Energy. Environment. Economy.

PUC pushes Philadelphia to ramp up replacement of leaky gas pipes

Michael Groves, PGW Senior Pipe Mechanic climbs out of a hole on Van Pelt Street after inspecting a new main gas line in North Philadelphia.

Lindsay Lazarski/WHYY

Michael Groves, PGW Senior Pipe Mechanic climbs out of a hole on Van Pelt Street after inspecting a new main gas line in North Philadelphia.

Philadelphia’s city-owned utility says it’ll take 88 years to replace its old, leaky gas mains under a plan approved by the Pennsylvania Public Utility Commission nearly two years ago. The commission announced Monday it has begun an in-depth safety review of that plan, putting pressure on the city to fix its pipes faster.

The review comes in the wake of a failed attempt to sell Philadelphia Gas Works to a private company – a move the PUC endorsed as a way to get the job done more quickly.

“We felt that after taking in all of that information, two areas of concern that came back [were] the high propensity of cast iron [and] bare steel,” PUC Chairman Rob Powelson said, “And how do we adequately replace that without causing shock to ratepayers?”

The state of PGW’s gas mains was a central theme at a hearing the PUC hosted in November before the nearly $2 billion deal with Connecticut-based UIL Holdings Corp. fell through. UIL claimed it would be able to ramp up pipe replacement, but the company was unable to make its case to the public because the Philadelphia City Council declined to schedule a hearing on the company’s offer.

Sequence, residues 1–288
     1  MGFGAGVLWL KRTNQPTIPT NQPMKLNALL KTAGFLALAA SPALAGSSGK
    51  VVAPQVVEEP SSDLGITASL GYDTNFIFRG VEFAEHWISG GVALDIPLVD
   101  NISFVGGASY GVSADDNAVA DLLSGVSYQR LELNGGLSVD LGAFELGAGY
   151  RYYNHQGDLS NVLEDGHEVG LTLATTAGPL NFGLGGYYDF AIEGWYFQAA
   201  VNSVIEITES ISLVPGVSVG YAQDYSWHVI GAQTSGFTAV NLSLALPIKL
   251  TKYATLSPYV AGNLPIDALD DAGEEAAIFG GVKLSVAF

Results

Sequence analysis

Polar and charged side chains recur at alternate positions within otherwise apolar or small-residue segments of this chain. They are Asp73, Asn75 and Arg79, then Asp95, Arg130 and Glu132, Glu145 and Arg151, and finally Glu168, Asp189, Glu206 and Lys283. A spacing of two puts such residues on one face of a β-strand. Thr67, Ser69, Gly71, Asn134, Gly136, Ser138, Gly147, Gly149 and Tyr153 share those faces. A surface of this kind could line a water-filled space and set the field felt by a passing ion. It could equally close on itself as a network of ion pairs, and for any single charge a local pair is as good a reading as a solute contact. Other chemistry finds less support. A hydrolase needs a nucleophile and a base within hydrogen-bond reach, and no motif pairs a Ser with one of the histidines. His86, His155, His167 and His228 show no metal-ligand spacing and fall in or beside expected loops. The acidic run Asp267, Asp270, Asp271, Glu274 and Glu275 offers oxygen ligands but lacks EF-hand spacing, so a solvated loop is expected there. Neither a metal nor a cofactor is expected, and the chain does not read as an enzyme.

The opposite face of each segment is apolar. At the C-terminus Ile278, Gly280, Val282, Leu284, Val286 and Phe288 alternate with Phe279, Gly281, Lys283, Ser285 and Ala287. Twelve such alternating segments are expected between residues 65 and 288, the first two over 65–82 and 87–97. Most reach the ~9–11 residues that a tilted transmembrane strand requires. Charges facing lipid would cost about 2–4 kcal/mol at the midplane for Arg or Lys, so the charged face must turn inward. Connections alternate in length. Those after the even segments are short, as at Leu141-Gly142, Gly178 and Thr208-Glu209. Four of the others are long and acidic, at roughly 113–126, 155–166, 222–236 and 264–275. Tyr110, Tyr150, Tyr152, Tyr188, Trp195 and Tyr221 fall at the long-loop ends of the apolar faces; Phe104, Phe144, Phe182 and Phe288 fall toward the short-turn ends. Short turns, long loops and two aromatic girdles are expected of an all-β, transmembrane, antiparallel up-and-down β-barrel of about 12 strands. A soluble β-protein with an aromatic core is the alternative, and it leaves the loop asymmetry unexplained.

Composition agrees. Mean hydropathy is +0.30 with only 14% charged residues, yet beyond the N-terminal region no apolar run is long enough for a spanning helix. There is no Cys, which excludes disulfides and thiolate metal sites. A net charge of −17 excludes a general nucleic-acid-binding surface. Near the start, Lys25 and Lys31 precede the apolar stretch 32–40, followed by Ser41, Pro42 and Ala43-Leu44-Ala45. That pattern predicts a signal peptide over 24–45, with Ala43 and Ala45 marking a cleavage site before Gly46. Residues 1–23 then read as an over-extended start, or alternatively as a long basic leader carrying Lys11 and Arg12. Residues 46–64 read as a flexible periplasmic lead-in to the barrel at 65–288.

As StateImpact Pennsylvania has reported, nearly two-thirds of PGW’s gas mains are made of cast iron or bare steel, materials that are prone to leaks. These leaks contribute to greenhouse gas emissions and can pose a significant safety hazard.

The PUC’s review will focus on analyzing PGW’s current plan and removing barriers to accelerate replacement of cast iron and bare steel pipes with tougher plastic ones.

Powelson said the commission, which has had regulatory oversight over the utility’s rates since 2000, will also consider whether to force the city of Philadelphia to give up its $18 million annual fee from PGW and put that money back into the main replacement program.

“Having a system that is going to be replaced in 88 years, I think if you ask the average citizen, it’s not a question of if, it’s a question of when something’s going to happen,” Powelson said.

However, Philadelphia City Councilwoman Marian Tasco, who heads up the Philadelphia Gas Commission, is crying foul on the PUC’s safety talk. She believes the commission is retaliating against the council for not supporting the PGW sale.

“It’s like, ‘You didn’t do what we wanted you to do, so we’re going to extract pain from you,’” Tasco said.

In April 2013, the PUC approved PGW’s plan to add a “distribution system improvement charge” (DISC) to customer’s bills to fund infrastructure improvements.

“If the PUC was so concerned about the safety of the mains, they would have allowed more dollars for main replacement when they gave us the DISC program,” Tasco said.

Powelson disputes that the PUC’s actions are politically-motivated and said the review will be completed by April 15.


  • paulroden

    A the mantra of “privatization” and the selling off of assets owned by “we, the people.” So much for the “common good.” I doubt the UL industries or any other private sector company taking over the PGW would speed up the process to replace the aging cast iron and steel gas main infrastructure, even if the PUC allowed for the recovery from rate payers. It all comes down to profit and loss. Maximize profit, cut costs and the elimination of labor, that is the mantra of the private sector. Can never get enough profit.

    • Frank

      I understand that a large portion of the city is not paying for the gas they use anyway. I say light a match!!!

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